Restraints on girl, 5, needed to avert harm Pastor relays parents' account

Date: 2005-01-01

Author: KATHLEEN HOPKINS and JOSEPH SAPIA/TOMS RIVER BUREAUSTAFF

BEACHWOOD - The borough couple charged with abusing a mentally disabled 5-year-old girl placed in their care told investigators they had restrained the child to prevent her from harming herself and other children in the household, the couple's pastor said Friday.

But Cynthia Davison also told her pastor that the foster child - who weighed only 21 pounds - hadn't been to a doctor since March, said the pastor, the Rev. Roger Brotherton of Ocean Christian Community Church in Dover Township.

The child was malnourished and had bruises on her ankles and wrists indicating she had been restrained "for long periods of time," said Lt. Robert Urie of the Ocean County Prosecutor's Office. She was removed from the Davison home Wednesday by the state Division of Youth and Family Services.

Cynthia Joan Davison, 48, and her husband, Ernest, 51, were charged Thursday with aggravated assault and child endangerment.

Brotherton said the Davisons called him Thursday from Jersey Shore University Medical Center, Neptune, where DYFS workers took the 5-year-old and three other children with various disabilities in the family. Brotherton said he went to see the couple at the hospital when they told him they were in trouble.

The clergyman said the child has Down's syndrome and suffers from fetal alcohol syndrome.

"One of the things she was prone to was scratching herself and pulling at herself and damaging herself, and that's part of that (fetal alcohol) syndrome," he said. "I understand she could reach out and do damage to the other children. If there was a restriction, it was isolation in another room so she wouldn't hurt the other children. If there were physical restraints, it was so she wouldn't hurt herself. This is what (the Davisons) explained to me (Thursday) that they told DYFS."

Neighbor felt concern

Lynn Martin, whose has lived with her family across Spruce Street from the Davisons for about 10 years, said Friday she had suspicions things were awry at the Davisons.

Generally, she said, the Davison children - either adopted or foster - were never out and about.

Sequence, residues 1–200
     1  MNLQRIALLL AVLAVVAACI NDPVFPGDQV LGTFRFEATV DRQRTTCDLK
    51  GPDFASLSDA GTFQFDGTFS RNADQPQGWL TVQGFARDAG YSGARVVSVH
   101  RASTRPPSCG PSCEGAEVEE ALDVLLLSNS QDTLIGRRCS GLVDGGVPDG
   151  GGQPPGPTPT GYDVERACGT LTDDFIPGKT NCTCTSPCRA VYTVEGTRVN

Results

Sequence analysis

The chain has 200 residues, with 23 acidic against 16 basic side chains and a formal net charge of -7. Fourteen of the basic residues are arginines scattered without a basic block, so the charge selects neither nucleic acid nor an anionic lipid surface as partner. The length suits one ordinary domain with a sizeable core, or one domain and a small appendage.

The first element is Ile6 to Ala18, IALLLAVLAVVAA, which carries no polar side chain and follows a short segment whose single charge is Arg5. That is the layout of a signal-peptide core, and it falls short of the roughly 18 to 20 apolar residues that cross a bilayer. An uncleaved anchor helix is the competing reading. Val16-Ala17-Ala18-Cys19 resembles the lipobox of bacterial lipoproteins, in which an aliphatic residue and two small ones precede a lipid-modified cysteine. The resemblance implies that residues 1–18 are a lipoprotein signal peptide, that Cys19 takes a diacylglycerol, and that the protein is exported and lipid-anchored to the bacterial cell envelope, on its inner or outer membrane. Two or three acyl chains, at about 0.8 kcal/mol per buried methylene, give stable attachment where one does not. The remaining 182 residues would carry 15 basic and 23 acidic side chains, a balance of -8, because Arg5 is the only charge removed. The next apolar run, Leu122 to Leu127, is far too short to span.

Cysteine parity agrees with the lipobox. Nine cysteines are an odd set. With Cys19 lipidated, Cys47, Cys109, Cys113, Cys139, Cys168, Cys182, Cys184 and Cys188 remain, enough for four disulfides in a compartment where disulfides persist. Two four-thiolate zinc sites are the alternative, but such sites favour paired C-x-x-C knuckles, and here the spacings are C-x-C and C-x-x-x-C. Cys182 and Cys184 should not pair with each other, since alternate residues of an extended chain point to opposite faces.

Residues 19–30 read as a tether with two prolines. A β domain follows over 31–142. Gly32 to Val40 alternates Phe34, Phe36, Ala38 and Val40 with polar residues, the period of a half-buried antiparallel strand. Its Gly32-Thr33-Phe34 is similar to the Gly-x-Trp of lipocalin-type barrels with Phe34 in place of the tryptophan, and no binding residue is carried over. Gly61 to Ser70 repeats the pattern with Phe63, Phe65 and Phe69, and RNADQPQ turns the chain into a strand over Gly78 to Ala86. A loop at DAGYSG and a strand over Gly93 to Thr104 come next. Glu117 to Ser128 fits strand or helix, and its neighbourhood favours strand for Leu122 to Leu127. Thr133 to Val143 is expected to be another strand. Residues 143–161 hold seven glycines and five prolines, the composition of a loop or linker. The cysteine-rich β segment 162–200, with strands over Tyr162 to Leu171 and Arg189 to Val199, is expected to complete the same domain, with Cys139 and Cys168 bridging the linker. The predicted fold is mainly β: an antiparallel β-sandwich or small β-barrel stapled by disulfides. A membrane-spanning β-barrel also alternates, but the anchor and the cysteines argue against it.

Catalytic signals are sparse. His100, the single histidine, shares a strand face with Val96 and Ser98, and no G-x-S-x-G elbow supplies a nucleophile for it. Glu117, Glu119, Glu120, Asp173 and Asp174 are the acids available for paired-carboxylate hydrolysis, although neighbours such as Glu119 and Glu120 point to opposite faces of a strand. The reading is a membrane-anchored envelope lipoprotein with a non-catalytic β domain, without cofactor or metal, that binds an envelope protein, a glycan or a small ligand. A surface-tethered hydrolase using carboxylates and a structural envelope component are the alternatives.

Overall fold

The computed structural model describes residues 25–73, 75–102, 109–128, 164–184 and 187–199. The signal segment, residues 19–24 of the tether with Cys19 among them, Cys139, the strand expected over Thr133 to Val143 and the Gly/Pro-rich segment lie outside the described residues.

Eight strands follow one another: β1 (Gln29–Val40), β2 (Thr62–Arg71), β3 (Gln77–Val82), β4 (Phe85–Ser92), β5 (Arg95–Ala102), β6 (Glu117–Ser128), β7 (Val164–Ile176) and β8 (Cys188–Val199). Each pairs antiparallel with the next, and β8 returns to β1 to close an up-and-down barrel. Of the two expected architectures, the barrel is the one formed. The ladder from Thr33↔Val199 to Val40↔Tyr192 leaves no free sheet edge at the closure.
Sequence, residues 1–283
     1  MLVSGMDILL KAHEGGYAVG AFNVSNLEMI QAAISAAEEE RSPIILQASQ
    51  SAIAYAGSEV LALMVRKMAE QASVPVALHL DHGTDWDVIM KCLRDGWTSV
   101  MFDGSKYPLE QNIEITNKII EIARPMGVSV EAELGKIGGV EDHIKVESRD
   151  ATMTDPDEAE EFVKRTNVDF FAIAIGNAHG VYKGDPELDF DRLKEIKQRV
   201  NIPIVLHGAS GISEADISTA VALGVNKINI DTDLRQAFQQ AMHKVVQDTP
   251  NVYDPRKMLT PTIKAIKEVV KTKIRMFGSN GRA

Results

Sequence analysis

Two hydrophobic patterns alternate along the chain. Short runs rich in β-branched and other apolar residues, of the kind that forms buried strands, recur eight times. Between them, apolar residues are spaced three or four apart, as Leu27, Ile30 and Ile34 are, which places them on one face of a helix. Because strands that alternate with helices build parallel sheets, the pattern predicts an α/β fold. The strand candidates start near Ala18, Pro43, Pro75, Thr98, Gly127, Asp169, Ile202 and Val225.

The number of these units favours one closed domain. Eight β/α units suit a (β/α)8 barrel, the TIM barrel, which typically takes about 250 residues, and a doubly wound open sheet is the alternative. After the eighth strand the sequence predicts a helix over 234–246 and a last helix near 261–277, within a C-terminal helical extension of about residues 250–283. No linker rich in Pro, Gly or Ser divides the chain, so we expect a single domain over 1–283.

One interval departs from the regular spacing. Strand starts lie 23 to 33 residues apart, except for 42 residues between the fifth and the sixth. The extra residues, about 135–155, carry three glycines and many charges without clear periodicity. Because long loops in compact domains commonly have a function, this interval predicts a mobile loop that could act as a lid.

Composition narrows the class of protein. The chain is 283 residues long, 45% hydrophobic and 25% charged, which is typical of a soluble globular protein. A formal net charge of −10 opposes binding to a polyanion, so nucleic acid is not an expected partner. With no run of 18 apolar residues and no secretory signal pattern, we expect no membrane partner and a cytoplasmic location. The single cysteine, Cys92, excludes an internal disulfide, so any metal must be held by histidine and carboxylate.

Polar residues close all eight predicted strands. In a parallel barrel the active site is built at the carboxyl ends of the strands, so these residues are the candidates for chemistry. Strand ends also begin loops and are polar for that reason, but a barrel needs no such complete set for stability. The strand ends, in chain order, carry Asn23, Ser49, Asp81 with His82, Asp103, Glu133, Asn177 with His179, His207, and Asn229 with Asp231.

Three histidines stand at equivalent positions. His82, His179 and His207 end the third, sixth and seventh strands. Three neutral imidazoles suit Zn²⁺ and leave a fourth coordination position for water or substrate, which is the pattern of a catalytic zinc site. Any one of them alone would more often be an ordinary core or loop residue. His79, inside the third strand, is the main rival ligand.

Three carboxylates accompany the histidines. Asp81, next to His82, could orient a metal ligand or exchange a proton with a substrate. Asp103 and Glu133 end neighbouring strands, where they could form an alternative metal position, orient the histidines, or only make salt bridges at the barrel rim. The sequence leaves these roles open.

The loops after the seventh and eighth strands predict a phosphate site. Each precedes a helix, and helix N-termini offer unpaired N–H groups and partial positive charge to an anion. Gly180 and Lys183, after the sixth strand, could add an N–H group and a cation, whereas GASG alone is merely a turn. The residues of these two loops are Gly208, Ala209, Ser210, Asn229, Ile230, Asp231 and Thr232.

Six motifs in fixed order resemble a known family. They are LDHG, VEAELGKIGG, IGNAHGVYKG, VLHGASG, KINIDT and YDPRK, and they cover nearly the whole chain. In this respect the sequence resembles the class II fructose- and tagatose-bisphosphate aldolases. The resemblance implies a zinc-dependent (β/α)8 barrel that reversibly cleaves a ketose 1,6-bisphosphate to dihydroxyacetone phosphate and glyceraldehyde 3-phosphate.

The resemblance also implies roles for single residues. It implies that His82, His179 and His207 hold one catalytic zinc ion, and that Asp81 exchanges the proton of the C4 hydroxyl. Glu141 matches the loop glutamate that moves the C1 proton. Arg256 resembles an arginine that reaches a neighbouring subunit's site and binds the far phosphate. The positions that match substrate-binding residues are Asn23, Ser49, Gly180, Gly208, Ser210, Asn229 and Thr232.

Based on the description of a 5-year-old, 21-pound child being the subject of the charges, Martin said it was a girl with Down's syndrome - `'the one you never get to see."

"She's strapped down in her room, the majority of the time, because Cindy says she's out of control," Martin said. "From what I saw, she's a very sweet child. The child's always in seclusion in a room."

Brotherton, who said he has known the Davisons more than seven years, said he hadn't himself witnessed any destructive behavior on the part of the 5-year-old.

Another neighbor, Arline Backus, while not questioning the Davisons as parents, raised concerns about their treatment of animals.

"They leave dogs in the back, they tie them up, the dogs bark," said Backus, who has been the Davisons' next-door neighbor for about 20 years."

When asked if the child's condition could have been a result of her medical condition and not child abuse, Urie responded, "It may come into play at some point, but it does not equate with what happened at the house.

"The child's weight of 21 pounds does not indicate they sought other medical assistance," Urie said.

$300,000 in bail posted

Cash bail totaling $300,000 - $150,000 each for Cynthia and Ernest Davison - was posted Thursday night in the form of a cashier's check, said Cpl. Pete Remondelli of the Ocean County Jail. He said he was not authorized to reveal who posted the couple's bail.

The Davisons could not be reached for comment yesterday.

Brotherton said the church did not post the couple's bail. He did say he inquired of one of the elders if the church had the means to bail out the Davisons and learned it did not.